Jersey Knowledge Centre
Jersey has its own distinct characteristics, based on its status as a British Crown Dependency that geographically is much closer to France than to Britain. Some of these characteristics are well documented, but others are not. There is also a lack of basic information is a readily accessible form.
This series of papers aims to meet the need for such information. The papers are brief, no more than 6,000 words, stand-alone and include references and sources of further information. It is hoped that they will be useful to those who need to study aspects of Jersey and more generally as a source of information. The papers will be regularly updated and other papers will be added to the series.
40 people who have shaped the Island
By any standards Jersey has been a remarkably successful island, punching well above its weight internationally and producing a level of prosperity matched by few other small communities. Jersey’s success is a combination of circumstances and people. This paper identifies 40 people who over the centuries have helped to make Jersey what it is today.
Jersey in Brief
Jersey is a British Crown Dependency, a status also held by Guernsey and the Isle of Man. It is fully responsible for its own internal affairs and also has responsibility for international relations, within a framework agreed with the UK government. It is not part of the United Kingdom. However, Jersey has the same status as the UK in respect of qualification for British citizenship and in respect of rights of Jersey people in the UK and abroad.
Jersey has its own distinct economy, quite different from that of the United Kingdom. The nature of its economy reflects Jersey being an island and also a British Crown Dependency with substantial freedom to make its own laws particularly in respect of taxation.
Jersey is not a sovereign state, wholly responsible for its own affairs. Rather, it is a British Crown Dependency, with the British Government able to exercise powers over the Island. In practice, Jersey is responsible for its own internal affairs and also for international relations, within a framework agreed with the British Government.
Jersey has its own distinctive history, heavily influenced by two factors. The first is its island nature with distinct boundaries and some distance from the nearest land. The second, and more important, is that since the 14th century Jersey has been a British crown possession but geographically part of France and for most of that period Britain and France were either at war or in a state of tension.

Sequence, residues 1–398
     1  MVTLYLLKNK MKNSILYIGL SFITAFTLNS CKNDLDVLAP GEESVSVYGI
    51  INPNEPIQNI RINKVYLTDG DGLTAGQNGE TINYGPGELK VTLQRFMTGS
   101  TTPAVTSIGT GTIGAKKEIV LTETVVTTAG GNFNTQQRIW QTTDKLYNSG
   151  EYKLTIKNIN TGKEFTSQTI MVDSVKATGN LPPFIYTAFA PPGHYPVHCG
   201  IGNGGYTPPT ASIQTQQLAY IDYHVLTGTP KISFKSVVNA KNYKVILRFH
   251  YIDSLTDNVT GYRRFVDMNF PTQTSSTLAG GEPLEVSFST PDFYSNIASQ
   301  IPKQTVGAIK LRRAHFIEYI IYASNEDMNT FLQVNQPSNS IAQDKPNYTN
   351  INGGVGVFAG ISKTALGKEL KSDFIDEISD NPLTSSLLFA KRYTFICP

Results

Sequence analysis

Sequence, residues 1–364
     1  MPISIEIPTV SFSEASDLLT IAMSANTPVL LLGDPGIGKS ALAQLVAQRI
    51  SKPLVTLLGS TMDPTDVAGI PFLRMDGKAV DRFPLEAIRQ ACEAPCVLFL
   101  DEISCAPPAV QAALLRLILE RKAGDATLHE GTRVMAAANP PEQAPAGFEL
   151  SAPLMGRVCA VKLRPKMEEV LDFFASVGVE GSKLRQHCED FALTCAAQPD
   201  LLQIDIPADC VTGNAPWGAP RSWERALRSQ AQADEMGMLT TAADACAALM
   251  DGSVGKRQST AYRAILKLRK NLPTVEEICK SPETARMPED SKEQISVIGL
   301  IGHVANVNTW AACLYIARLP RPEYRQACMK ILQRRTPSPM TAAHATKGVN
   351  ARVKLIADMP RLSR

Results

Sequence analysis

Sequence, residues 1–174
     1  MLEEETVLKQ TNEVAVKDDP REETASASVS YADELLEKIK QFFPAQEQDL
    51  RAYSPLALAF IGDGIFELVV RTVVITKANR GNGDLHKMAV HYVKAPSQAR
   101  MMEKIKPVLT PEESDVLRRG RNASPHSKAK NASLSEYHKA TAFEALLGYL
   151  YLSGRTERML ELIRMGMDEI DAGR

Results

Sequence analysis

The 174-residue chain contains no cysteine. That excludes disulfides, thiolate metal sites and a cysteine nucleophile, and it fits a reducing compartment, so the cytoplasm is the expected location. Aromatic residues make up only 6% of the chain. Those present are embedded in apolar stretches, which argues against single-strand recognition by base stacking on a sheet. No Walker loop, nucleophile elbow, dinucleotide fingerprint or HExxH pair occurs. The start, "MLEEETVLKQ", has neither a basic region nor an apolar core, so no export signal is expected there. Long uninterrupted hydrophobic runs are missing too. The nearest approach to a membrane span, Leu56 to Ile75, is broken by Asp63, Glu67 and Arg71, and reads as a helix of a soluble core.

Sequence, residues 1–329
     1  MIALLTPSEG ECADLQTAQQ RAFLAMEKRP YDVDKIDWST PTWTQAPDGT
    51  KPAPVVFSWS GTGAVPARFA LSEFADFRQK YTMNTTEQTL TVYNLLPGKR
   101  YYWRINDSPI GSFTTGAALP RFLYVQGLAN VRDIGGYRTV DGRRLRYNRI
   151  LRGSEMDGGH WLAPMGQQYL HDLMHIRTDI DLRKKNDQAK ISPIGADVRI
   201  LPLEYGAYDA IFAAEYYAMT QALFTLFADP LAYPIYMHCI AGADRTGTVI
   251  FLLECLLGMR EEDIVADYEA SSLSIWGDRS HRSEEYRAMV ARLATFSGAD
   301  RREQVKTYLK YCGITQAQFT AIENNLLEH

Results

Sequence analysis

Jersey's Legal System
Jersey has its own legal system, embracing aspects of Norman law and structures, a fairly standard approach to drafting laws and a court system which has some similarities to that of England but also its own characteristics, in particular a Royal Court and the use of jurats rather than juries.
Jersey's National Anthem
Jersey has no agreed national anthem and the issue of whether there should be one and, if so, what it should be has proved to be politically controversial, reflecting wider issues in the Island.
Jersey's Natural Environment
Jersey’s natural environment is one of its principal assets. The combination of location, outstanding natural beauty, fertile soil and an equable climate have facilitated a strong economy and an attractive place in which to live and to work.
Jersey is divided into 12 parishes: Grouville, St Brelade, St Clement, St Helier, St John, St Lawrence, St Martin, St Mary, St Ouen, St Peter, St Saviour and Trinity. They are an integral part of Jersey’s heritage and its society today.
Jersey's Political System
Jersey is a British Crown Dependency, fully responsible for its own internal affairs and with considerable responsibility for external relations. It is a parliamentary democracy with a single chamber Parliament, the States Assembly, and a Government comprising a Council of Ministers selected from and by the Assembly. This paper explains Jersey’s political system and puts it in the context of political systems generally.
The Island of Jersey, 118 square kilometres, currently has a population of about 103,000, and since 1950 has experienced a rapid rate of population growth. The size of Jersey’s population and immigration have been on the political agenda in the Island for well over 100 years. This is not surprising, as there have been high rates of migration into and out of the Island.
Jersey's Public Finances
Jersey’s status as a British Crown Dependency means that it is financially independent. It needs to raise revenue through taxation, levies and charges sufficient to finance Government expenditure.
Jersey's Public Services
Jersey has its own education, health, police, transport, utilities and other public services. These differ in material respects from those of the UK but are run in such a way as to be compatible.
Jersey's energy market
Of total energy consumed in Jersey, 58% is provided by oil, 38% by electricity and 3% by gas. Oil is the major fuel for vehicles and heating. Electricity is imported from France through three undersea cables and is either nuclear or hydro in origin. Domestic users account for 38% of energy use, road transport for 26%, industry and government for 27% and air and marine for 9%. This paper explains the supply and use of energy in Jersey and the measures being taken to reduce the use of fossil fuels.